Generally speaking, fatty feeders used as treats are insects that have higher fat than protein content. This includes butterworms and waxworms.
Even though the palatability of fat-rich insects for geckos has not been specifically researched in great detail, there are studies which show that higher fat content can make food more palatable .
In fact, fatty food has been linked to displays of addiction-like symptoms in both humans and animals. This theory could explain why some leopard geckos owners have observed similar behavior in geckos, where they refuse to eat anything but waxworms or any other incredibly fatty insect.
Crush up one piece of your gecko’s favorite fatty feeder insect and lather that around healthier insects (e.g., roaches, crickets, etc.) so you can coax your leopard gecko to eat it.
Individually coating all the prey evenly with the fatty feeder paste by hand or using tongs can prove to be a troublesome and messy task.
So you could instead place all the feeder insects in a resealable plastic bag with the paste and shake it around – just like you would when dusting regular feeders with powdered supplements. Decrease the fatty coating as time goes by so your gecko can start eating staple insects as is, plain.
Avoid caving into feeding your leo with its favorite fatty feeder too quickly, many new keepers end up doing this. However, letting your gecko eat that feeder after refusing several others may do more harm than good.
It could result in your leopard gecko forming an association between prolonged avoidance of less preferred prey and the eventual presentation of their favorite juicy prey.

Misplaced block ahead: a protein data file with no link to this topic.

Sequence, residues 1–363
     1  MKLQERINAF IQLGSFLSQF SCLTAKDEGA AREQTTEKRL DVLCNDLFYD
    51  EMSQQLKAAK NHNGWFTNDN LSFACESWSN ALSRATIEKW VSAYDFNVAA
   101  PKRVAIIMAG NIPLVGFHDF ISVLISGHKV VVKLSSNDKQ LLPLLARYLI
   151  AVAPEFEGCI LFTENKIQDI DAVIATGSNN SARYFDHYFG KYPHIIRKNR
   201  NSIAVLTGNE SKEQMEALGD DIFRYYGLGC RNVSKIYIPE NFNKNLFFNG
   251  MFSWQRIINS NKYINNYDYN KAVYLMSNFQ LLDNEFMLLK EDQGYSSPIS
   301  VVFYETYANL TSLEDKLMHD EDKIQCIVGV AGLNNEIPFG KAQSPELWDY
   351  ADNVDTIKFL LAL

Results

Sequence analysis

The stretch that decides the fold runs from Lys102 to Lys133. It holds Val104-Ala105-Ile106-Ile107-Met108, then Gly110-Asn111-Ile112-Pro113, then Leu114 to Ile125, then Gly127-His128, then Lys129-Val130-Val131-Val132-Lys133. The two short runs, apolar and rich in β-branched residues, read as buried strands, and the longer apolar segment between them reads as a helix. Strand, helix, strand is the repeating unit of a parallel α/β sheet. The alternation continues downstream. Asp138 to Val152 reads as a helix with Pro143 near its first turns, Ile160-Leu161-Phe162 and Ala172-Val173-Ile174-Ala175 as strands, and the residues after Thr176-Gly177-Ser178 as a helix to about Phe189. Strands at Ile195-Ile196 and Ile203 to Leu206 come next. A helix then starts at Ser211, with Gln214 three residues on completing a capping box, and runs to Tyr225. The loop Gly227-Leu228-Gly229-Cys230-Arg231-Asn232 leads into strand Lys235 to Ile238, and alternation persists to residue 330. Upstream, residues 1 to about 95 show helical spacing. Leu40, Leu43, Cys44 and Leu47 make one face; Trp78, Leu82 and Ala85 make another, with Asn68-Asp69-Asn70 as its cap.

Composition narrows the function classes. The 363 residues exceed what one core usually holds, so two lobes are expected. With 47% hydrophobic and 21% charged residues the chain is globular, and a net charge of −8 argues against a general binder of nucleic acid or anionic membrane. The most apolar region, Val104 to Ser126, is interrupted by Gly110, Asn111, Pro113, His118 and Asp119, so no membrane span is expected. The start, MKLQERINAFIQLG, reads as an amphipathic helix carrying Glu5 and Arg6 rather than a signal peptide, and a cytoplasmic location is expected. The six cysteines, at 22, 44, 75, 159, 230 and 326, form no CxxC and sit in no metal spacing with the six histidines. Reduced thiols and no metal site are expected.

#7 – Tough Exoskeleton
Leopard geckos may experience difficulty with ingesting and digesting mealworms live feeder insects with high chitin content in their exoskeletons. Hence, they may avoid eating it in the future.
Certain insects, mealworms in particular, ordinarily have harder exoskeletons compared to most other staple feeders because their protective outer shells are rich in chitin .
Most leopard geckos seem to be relatively unaffected despite regularly consuming a few live feeder insects with considerably solid armors.
Leos don’t usually have negative hunting experiences with mealworms. By negative, I mean getting attacked by insects or missing their aim.
However, I have heard many stories from friends and acquaintances about leopard geckos avoiding mealworms after just having one firm-bodied worm once. Some leos have experienced regurgitation, temporary impaction, and excretion of the undigested insect exoskeleton.
Whenever feeding a picky leopard gecko with a solid-skinned live feeder insect, such as mealworms and superworms, select a worm that has only recently finished molting its exoskeleton.